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Thread: wood texture rotation problem

  1. #1
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    Angry wood texture rotation problem

    i am new to revit and i am furniture designer i am facing really big issue with grains rotation of any wooden material
    as you can see in this image all grains are going in same direction as in reality the horizontal grains should run horizontal and same as apply to vertical can kindly any 1 help me out with this thing

    Attached Thumbnails Attached Thumbnails wood texture rotation problem-problem.jpg  

  2. #2
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    Have you tried rotating the texture?
    Attached Thumbnails Attached Thumbnails wood texture rotation problem-rotation.png  

  3. #3
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    Add a surface pattern to your material - a model pattern with parallel lines is easiest. You can then tab through to grab the hatch pattern line and rotate that. Then eliminate the hatch from your material.
    Attached Thumbnails Attached Thumbnails wood texture rotation problem-model_hatch.png   wood texture rotation problem-rot_hatch.png  
    duende123 and tiangtiang like this.

  4. #4
    Forum Addict sdbrownaia's Avatar
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    you can either have two textures one for horizontal and one for vertical then make sure you assign them. In the past when making stile and rail doors I would make sep. extrusions for each and set them to sub categories for horizontal elements and vertical and then assign the materials to the subcategories. or you can assign them directly to each extrusion. I prefer this to rotating hatch patterns on every surface you want rotated and you will find its pretty much the way you would build the content in the real world.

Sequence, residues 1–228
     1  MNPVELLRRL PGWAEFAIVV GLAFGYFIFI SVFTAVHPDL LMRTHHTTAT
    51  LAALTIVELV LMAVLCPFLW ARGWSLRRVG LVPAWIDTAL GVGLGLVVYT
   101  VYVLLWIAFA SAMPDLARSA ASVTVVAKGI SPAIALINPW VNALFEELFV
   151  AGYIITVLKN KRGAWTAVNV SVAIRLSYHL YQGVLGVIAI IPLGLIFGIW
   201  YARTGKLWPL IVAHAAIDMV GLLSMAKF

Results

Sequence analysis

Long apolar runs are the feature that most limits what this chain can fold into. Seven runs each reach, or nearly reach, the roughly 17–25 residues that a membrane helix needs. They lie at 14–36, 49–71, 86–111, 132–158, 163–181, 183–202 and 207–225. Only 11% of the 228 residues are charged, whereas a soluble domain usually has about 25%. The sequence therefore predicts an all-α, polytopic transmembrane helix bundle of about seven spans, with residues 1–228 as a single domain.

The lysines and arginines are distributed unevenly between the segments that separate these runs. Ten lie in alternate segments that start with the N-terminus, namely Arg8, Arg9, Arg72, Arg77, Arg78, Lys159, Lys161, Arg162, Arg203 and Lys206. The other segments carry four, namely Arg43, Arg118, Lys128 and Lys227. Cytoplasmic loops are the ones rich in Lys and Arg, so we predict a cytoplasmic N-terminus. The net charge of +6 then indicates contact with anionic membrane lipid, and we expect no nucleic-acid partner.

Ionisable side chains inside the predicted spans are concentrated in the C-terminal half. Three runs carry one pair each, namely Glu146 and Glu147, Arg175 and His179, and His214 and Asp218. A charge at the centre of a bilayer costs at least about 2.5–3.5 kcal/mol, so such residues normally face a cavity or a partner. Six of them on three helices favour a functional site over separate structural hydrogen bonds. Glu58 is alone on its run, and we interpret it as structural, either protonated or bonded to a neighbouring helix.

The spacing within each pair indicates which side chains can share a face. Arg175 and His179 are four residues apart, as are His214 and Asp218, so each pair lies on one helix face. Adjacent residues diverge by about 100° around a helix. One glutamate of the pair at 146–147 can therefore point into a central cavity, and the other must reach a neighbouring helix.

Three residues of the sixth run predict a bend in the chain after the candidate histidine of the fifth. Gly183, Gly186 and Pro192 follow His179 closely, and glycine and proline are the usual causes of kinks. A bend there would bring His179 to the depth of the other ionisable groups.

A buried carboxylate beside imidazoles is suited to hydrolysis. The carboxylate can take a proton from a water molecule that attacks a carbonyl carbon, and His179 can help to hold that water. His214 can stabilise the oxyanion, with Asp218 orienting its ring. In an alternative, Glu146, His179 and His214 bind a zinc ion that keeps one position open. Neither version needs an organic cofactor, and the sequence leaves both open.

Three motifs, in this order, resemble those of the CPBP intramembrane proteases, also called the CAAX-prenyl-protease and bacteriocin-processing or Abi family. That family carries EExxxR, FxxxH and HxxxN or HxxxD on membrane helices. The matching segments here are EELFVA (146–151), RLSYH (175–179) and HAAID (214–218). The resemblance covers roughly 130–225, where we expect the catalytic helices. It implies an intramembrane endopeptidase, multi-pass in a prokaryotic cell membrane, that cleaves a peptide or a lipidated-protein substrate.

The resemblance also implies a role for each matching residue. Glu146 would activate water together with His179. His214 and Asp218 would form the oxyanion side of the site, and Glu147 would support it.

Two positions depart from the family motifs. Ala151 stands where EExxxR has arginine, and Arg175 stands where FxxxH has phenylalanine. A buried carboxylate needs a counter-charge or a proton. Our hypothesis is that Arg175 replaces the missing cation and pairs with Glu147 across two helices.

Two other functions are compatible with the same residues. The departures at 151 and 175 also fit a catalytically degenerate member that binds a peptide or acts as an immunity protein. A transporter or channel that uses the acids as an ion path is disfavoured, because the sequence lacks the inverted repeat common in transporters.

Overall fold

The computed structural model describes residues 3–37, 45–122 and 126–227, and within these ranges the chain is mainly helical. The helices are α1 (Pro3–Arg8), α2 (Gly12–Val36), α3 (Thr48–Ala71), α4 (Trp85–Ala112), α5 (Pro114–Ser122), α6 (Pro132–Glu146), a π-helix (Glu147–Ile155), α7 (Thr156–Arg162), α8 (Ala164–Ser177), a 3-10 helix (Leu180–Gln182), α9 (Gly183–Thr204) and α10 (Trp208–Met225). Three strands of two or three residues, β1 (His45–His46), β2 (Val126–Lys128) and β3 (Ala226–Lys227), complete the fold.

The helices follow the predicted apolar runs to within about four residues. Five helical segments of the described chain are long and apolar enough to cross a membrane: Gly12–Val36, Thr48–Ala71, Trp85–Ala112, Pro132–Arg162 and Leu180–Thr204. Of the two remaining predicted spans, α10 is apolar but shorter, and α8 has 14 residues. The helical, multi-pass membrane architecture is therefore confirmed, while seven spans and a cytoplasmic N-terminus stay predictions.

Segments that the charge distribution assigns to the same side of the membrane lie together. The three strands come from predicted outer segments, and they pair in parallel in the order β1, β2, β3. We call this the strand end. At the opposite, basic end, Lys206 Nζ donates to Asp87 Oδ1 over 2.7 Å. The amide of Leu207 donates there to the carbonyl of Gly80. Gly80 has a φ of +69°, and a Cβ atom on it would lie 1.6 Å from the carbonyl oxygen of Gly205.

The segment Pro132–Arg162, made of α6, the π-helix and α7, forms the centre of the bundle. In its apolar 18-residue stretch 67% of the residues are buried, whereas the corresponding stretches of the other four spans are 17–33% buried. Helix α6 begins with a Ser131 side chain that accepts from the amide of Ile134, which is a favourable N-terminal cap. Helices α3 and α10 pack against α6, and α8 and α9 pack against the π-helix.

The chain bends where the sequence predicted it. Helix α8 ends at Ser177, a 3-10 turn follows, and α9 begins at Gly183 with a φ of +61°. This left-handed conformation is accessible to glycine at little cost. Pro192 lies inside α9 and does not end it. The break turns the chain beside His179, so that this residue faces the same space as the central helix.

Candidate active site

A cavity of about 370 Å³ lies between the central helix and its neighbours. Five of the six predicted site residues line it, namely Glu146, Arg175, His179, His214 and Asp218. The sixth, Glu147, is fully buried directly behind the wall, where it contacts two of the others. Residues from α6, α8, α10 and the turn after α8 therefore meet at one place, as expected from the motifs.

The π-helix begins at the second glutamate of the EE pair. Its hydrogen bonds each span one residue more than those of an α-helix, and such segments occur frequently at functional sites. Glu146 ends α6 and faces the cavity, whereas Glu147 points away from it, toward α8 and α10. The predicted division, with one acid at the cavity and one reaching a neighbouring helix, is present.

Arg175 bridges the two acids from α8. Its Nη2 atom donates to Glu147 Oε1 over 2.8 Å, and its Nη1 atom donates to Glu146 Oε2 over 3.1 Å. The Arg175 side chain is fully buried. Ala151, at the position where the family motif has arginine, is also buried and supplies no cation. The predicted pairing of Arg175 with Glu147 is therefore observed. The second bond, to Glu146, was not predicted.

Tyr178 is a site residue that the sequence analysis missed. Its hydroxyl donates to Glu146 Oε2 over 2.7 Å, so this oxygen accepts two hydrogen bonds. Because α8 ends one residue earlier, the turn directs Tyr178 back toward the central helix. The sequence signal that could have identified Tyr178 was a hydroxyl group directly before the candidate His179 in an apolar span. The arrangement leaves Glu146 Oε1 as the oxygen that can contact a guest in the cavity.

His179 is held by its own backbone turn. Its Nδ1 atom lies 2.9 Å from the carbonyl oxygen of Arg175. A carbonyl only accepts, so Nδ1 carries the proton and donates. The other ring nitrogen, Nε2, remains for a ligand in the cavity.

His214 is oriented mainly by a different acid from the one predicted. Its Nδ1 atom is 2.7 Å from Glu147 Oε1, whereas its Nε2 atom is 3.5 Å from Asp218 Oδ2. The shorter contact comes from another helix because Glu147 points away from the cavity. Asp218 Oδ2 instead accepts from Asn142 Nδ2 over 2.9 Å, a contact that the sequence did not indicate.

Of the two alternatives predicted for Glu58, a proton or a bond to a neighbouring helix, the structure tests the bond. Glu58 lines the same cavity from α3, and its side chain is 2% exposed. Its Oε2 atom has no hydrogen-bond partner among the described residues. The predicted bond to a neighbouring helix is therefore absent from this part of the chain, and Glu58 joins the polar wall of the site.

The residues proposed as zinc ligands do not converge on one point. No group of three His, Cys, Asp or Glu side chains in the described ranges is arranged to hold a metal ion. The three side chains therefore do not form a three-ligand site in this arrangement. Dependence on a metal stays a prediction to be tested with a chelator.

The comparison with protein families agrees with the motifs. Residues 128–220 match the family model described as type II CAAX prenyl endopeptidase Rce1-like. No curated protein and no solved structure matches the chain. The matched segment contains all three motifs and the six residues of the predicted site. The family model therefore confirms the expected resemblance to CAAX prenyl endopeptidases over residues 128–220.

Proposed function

cganiere likes this.

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    Scott perhaps Im confused, I don't follow. Can you elaborate a little more? What do you mean sub-categories? Parameters?

  6. #6
    Forum Addict sdbrownaia's Avatar
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    When you create geometry in the family editor you can chose a sub-category to place the content on, IE in a window family you have the mullions on one sub category and the frame on one and the glazing on the other, this allows you to control the lineweights of each of those and the material(when set to by category). So if you create your casework and 90% of the time all the casework in the project has the same material its much easier to assign the materials per sub-category in the object styles dialog box for the entire project, then manually at each piece of casework. Same with doors and windows. You may have 10 types of windows but you can leave the material parameter set to by category and assign the materials via the object styles and its done for the whole project. Then you only have to adjust the unique content's material parameter. So to the OP question in my furniture, casework, doors, etc. have sub-categories for Vertical and Horizontal members, Ie in doors template they would be Stiles and Rails(sub-categories) you could use the same terminology in your casework. If this isn't clear let me know and I'll post some pictures.
    stevenpapke likes this.

  7. #7
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    I have so much to learn on this software to doing it better, more efficient. Wow. This is great tip Scott, thank you. I had no idea. So essentially I need my template to have all of these subcategories set ahead of time so it propogates into each family?

  8. #8
    Forum Addict sdbrownaia's Avatar
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    Exactly, if you are making tons of furniture you will want a furniture template that has all your common parameters in it, IE Length, Width, Trim Thickness, Various Material Parameters, sub-categories, etc. Then when you go to create a new furn family you'll select your template vs the OOTB.
    cganiere likes this.

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